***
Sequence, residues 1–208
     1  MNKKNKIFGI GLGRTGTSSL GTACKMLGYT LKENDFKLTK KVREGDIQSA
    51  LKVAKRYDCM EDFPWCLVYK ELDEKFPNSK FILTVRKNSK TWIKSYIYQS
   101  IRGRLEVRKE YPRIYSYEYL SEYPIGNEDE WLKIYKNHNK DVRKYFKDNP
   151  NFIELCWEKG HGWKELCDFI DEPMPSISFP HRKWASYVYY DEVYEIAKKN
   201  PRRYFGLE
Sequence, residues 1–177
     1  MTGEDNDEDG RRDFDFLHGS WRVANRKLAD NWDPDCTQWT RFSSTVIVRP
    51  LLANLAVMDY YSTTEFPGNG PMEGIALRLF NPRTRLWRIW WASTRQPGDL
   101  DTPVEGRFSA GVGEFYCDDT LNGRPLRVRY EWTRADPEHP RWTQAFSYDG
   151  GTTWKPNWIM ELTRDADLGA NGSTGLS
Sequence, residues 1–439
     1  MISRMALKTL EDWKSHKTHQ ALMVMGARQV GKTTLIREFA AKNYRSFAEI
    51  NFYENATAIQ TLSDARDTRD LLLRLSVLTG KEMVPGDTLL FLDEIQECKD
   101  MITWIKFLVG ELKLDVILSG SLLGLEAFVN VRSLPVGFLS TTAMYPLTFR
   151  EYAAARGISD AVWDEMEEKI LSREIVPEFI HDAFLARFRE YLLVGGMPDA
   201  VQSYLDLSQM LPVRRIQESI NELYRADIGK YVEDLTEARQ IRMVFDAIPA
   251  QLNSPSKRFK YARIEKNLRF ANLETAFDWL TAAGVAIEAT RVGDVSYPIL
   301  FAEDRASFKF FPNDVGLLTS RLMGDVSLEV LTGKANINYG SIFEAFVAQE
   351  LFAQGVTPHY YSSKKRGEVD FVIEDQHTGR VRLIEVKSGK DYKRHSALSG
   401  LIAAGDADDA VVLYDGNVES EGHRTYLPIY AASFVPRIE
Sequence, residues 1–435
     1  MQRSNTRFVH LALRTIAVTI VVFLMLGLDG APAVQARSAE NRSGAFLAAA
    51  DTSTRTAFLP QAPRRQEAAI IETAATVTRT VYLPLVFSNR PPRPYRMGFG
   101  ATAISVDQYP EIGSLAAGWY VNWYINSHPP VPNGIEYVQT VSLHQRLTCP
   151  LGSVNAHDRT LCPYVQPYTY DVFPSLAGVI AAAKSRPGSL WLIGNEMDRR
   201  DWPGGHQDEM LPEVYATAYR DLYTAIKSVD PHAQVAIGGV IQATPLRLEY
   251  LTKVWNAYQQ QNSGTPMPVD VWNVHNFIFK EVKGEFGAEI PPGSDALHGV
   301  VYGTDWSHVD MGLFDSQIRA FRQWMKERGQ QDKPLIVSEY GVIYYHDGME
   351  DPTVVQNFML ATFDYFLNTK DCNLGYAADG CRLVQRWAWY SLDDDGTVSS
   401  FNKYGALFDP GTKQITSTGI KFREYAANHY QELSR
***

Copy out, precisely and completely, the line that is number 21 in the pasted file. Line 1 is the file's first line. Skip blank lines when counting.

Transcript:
   401  LIAAGDADDA VVLYDGNVES EGHRTYLPIY AASFVPRIE